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Tax transparency

Published January 30, 2013 1:01 am

Identify sums that go to charters
This is an archived article that was published on sltrib.com in 2013, and information in the article may be outdated. It is provided only for personal research purposes and may not be reprinted.

Many Utahns are still just a bit in the dark about charter schools.

These non-traditional public schools are relatively new, but over the past decade the number of charters has risen consistently until now there are 85 in the Beehive State.

But the function, purpose, organization, oversight and, especially, funding of charters are not clearly understood by many Utah residents whose taxes pay for the schools.

That makes Rep. Kraig Powell's bill in the just-opened Utah legislative session important.

Powell, R-Heber City, says transparency is the goal of HB264, which would require property tax notices to include the amount going toward charter schools. Powell is right that taxpayers should know more about where their money is going, how those funds are being spent. They deserve to know that some of the property tax dollars labeled now as going to their local school districts are going to charter schools.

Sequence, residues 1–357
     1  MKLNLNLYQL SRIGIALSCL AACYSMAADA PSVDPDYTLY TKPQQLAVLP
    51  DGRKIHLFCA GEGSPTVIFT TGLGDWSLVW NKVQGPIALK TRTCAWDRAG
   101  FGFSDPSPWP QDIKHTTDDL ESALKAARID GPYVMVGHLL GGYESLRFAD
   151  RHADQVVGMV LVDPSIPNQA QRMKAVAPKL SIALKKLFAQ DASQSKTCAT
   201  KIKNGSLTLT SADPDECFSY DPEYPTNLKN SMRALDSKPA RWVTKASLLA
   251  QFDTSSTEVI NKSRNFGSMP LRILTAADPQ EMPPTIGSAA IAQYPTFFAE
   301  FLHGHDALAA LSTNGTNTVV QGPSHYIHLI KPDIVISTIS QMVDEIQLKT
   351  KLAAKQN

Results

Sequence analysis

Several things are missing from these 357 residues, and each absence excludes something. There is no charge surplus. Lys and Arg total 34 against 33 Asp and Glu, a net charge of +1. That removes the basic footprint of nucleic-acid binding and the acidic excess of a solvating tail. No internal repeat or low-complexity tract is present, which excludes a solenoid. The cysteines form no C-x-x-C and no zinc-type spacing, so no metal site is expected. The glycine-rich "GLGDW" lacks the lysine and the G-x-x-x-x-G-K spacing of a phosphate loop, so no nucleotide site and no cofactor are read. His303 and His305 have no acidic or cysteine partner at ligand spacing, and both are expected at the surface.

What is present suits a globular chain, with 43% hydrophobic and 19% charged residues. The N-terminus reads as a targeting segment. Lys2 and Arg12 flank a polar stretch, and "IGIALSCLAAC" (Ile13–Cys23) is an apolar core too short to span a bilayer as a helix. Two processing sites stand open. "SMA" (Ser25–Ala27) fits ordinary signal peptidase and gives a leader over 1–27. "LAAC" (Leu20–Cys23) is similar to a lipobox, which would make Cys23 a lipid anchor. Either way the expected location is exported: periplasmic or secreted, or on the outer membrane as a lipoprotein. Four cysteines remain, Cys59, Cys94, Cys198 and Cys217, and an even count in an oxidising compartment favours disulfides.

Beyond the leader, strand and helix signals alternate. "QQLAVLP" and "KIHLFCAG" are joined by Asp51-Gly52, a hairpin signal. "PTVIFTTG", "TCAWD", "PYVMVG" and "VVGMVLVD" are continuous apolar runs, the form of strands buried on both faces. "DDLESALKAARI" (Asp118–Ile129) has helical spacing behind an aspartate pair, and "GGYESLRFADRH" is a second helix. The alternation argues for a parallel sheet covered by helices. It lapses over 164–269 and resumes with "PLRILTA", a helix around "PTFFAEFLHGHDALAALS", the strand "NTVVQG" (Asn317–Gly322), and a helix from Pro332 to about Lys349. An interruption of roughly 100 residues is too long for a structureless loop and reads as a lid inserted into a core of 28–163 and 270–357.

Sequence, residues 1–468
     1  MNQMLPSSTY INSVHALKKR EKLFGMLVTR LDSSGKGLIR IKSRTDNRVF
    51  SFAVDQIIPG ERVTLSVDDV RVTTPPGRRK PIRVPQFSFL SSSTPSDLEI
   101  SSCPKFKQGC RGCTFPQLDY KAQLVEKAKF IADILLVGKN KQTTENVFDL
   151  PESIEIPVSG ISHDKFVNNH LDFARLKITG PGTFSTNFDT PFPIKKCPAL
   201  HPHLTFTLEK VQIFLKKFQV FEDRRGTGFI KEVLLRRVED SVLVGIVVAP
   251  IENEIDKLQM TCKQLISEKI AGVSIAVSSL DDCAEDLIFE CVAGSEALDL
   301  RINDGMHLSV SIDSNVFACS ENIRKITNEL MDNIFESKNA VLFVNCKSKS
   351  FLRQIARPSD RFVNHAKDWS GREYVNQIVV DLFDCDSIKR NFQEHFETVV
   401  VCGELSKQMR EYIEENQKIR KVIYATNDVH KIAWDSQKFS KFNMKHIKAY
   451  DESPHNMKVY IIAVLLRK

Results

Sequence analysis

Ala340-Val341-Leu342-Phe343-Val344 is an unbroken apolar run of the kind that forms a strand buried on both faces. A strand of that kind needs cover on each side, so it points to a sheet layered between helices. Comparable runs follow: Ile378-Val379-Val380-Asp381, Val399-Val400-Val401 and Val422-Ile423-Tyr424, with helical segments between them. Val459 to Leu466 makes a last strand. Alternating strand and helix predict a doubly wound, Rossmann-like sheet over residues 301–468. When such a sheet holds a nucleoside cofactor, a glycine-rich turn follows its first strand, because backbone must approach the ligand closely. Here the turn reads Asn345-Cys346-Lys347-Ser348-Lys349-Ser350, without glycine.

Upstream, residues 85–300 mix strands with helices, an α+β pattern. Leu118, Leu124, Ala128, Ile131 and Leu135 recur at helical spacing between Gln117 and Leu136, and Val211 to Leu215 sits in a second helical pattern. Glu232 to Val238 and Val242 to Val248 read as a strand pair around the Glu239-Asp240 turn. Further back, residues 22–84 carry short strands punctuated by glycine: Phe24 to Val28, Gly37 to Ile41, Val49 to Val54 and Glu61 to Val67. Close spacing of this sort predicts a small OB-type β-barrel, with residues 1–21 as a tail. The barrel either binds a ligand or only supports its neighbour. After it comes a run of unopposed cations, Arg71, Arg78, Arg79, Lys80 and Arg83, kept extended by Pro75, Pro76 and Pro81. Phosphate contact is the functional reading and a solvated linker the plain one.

As he rightly reasons, taxpayers might think the amount on the school district line item on their property-tax bill pays only for the traditional public schools in their district and that the schools are all overseen by the school boards they elected. The fact is, in most districts, some of that money supports charter schools that are overseen by a state charter board that is not elected.

The funding mechanism for charter schools is not straightforward, but that is not, as some opponents of this bill have argued, a reason to avoid giving taxpayers more information than they now have.

Charters, like traditional public schools, are funded largely through income tax revenue. But unlike school districts, they can't raise property taxes on their own to supplement the income-tax money they get. So charters also get what's called local replacement money.

Most of the local replacement money comes from the state education fund, but school districts are required to contribute by giving up some of the money they get from property tax.

This fiscal year, nearly $78 million of local replacement money came from the state and about $10 million came from school districts.

Powell's bill is neutral on the issue of charter schools in general. It merely lets taxpayers know that some of the property tax they pay to their districts for their children's schools goes to charter schools.

It's a matter of transparency, not ideology. The Legislature should support it.